In the middle of a catastrophic night, blue lights can’t do anything against raging fire.

I am however happy that this entire episode focused on the immediate aftermath of the explosion. 55 minutes of sheer terror set within the first 6-or-so hours after the core blew up, and all of a sudden I am intrigued to know what the premise would have looked like with a Hollywood film budget and with someone like Peter Berg on the helm, who did respectable work with real-life disaster films like DEEPWATER HORIZON and PATRIOTS DAY. Would he have delivered the same kind of intensity as this episode did, with darkness behind every corner, but as soon as you look at the power plant from the city, its almost-brightness might freak you out? Would a Hollywood blockbuster production have had the same claustrophobic feeling this episode had, when the workers at the plant were walking through the destructed hallways, closing in on the reactor room? Would a big-budgeted movie have had the same effect on me, when Sitnikov was “forced” to get to the roof and look down to the reactor building, but instead just saw a freaking black cloud of death shooting out of the reactor core? Those are quite shocking moments to realize that the worked was about to end, and you probably can’t do a single thing to stop that from happening. And thankfully, all those moments worked beautifully during this episode.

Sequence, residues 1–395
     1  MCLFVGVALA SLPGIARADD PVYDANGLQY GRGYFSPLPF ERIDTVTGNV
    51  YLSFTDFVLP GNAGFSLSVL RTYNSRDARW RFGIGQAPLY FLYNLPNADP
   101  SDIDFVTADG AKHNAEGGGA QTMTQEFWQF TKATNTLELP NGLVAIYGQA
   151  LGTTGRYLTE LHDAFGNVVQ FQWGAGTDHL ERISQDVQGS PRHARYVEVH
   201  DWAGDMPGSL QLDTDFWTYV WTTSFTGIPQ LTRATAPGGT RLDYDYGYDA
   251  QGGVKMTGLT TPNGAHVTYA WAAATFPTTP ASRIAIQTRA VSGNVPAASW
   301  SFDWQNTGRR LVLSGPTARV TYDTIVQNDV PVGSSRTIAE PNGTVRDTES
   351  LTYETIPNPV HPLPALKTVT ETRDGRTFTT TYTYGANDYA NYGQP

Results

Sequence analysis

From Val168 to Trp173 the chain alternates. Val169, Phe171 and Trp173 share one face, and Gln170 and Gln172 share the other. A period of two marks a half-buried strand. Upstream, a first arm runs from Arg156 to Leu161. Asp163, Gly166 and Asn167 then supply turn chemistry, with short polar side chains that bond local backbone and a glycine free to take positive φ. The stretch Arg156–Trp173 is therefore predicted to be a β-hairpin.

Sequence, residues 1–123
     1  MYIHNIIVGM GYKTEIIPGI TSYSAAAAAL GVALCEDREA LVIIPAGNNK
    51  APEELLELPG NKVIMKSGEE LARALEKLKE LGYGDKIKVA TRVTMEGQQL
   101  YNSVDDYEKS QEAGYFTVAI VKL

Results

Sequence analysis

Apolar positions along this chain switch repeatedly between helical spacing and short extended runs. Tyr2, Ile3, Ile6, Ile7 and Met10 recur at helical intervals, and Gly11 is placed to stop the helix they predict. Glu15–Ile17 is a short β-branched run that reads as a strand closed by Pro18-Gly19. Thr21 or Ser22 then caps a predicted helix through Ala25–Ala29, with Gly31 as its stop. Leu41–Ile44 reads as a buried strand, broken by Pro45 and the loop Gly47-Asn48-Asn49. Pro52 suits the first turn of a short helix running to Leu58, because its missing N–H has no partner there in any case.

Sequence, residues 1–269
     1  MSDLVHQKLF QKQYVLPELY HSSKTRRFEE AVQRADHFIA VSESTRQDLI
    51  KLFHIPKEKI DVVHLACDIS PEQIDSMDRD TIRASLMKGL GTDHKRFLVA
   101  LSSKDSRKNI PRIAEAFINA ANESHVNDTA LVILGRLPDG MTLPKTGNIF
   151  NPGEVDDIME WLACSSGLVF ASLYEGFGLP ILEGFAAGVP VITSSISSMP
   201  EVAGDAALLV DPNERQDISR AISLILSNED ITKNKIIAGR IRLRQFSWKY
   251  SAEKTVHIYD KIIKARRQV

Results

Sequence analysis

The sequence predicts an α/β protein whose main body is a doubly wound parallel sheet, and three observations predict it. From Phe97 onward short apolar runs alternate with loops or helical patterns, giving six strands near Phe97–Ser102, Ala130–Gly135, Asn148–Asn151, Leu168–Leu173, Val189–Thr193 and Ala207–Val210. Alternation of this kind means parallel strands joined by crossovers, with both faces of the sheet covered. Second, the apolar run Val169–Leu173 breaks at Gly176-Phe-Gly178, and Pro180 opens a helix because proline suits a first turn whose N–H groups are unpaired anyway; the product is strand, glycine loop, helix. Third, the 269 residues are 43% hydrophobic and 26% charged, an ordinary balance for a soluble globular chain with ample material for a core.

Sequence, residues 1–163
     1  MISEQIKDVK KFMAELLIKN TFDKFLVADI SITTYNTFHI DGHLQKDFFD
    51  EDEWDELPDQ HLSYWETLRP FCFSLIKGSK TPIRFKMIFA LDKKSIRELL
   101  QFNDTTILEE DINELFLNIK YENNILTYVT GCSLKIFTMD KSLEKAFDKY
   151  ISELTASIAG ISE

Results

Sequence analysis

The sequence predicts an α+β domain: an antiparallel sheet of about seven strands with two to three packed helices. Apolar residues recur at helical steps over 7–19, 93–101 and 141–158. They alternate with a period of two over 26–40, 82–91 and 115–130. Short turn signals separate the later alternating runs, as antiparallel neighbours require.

The night is bright over there.

The rest however … not so much. But it begs the question how differently one could have started off the miniseries, and whether it might have been a good idea to start the narrative on the day before the accident, just so the main players of said narrative can be introduced. In a way, Jared Harris’ character Valery Legasov has been the only character getting the honor to be introduced to the audience, but only because it was decided to begin the show with the end of the character. And maybe the Ignatenkos have been somewhat introduced, as they were the first to see from their window that the plant has just blown up, giving a sense of what the two were like before shit was raining down to kill them all. I would have loved at least some moments with character depth, because after 55 minutes I don’t know a single thing about each of the characters, let alone do I know their names by memory (the end credits are helping me out here). One can only hope the next episode or two will fix that, otherwise CHERNOBYL will become a show difficult to grasp, because none of the characters are known to the viewers.